'The Vampire' ( aka 'Mark Of The Vampire' ) stars John Beal as a small-town American physician who rather stupidly swallows some pills entrusted to him by a scientist who has just died in mysterious circumstances. The effect of the pills is to turn him into a blood-sucking vampire who kills his victims at night. The storyline is really more Dr.Jekyll and Mr.Hyde than Dracula. The excellent Kenneth Tobey plays the town sheriff.
These movies are in black and white and in widescreen. The quality is superb.
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Format: DVD
With such a simple title and being released in the 1950s which was more remembered for sci fi movies, it would be easy to dismiss, The Vampire. But it is rightly a horror classic. Way ahead of its time, there are genuine moments of terror, suspense and violence and surely the pill popping doctors actions are just a metaphor for drug addiction.

The Vampire is directed by Paul Landres who would be best known in his Hollywood career for directing television shows- some of them legendary. He gives us a look at Americana in the 50s, with the movie mostly shot on location in bright sunny California suburbs. This is the magic of the movie, one scene we are relaxed the next Landres can turn his movie into a nightmarish moment. Notice the scene with his secretary and the old woman have a brisk walk- all is calm and relaxed and them boom! one of them ends up dying vicously.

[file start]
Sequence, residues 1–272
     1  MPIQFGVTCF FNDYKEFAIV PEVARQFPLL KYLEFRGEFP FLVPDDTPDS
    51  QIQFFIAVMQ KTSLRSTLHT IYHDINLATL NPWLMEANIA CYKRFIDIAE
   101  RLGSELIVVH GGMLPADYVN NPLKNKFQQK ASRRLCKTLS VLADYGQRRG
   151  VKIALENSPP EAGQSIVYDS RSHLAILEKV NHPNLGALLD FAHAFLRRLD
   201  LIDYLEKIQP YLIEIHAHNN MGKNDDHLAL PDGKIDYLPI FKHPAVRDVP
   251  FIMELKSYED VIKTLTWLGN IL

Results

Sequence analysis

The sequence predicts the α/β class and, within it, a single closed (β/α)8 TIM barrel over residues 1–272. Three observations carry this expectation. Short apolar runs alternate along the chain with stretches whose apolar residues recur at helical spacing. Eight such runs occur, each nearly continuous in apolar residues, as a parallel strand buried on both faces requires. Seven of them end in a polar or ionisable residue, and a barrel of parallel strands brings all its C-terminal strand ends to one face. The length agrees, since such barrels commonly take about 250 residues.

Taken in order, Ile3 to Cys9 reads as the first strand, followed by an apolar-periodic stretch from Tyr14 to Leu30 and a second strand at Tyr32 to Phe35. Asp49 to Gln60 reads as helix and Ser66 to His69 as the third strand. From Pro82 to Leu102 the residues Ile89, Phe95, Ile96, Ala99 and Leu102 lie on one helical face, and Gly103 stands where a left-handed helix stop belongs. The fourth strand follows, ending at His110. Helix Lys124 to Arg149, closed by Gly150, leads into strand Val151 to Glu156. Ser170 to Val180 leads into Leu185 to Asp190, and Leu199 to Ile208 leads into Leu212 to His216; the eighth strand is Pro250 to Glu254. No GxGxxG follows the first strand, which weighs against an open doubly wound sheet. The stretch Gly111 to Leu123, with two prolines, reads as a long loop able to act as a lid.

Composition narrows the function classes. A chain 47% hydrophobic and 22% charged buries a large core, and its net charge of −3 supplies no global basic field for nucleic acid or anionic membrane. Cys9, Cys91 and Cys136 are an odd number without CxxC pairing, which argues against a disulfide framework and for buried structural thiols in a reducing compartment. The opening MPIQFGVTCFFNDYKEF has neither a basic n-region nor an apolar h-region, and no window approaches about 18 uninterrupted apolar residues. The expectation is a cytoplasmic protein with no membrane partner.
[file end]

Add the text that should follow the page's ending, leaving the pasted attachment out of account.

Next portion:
Criminally underrated- John Beal plays a single father who adores his little girl but sees little of her as he's a doctor on call. A dying friend gives him some pills and his daughter gives him one by mistake after her dad has a headache and he becomes addicted. At night he is the vampire. The make up is good and the all round acting by everybody works a treat. Sure it is a film of its time, but this is an open window for us all to glimpse back to the 50s.

A great movie. Please note this release also contains The Return of Dracula which will be reviewed later.
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By Ian Williams VINE VOICE on 13 Sept. 2008
Format: DVD Verified Purchase
It really is one of the best monochrome transfers from films of this period (the mid-late 50's) that I've seen. It is very sharp throughout on both these films. Subtitles are also provided. They both have the same writer/director/producer team.

The Return Of Dracula had, or has, a certain cachet, not quite cult, but a fond respect ffrom horror movie fans. Unfortunately it hasn't worn very well and, while for the period it was moderately chilling, it now seems stiff and mannered. I've also come to hate (the portrayal of) 50's teens in these horror movies with a vengeance. I'm surprised the kids at the time didn't burn down the cinema for the patronising way in which they were presented (unless American teens really were like that).

The Vampire is pretty tame and everyone in the cast behaves with remarkable stupidity when it's blatantly obvious who the killer is.

Still, what a great transfer.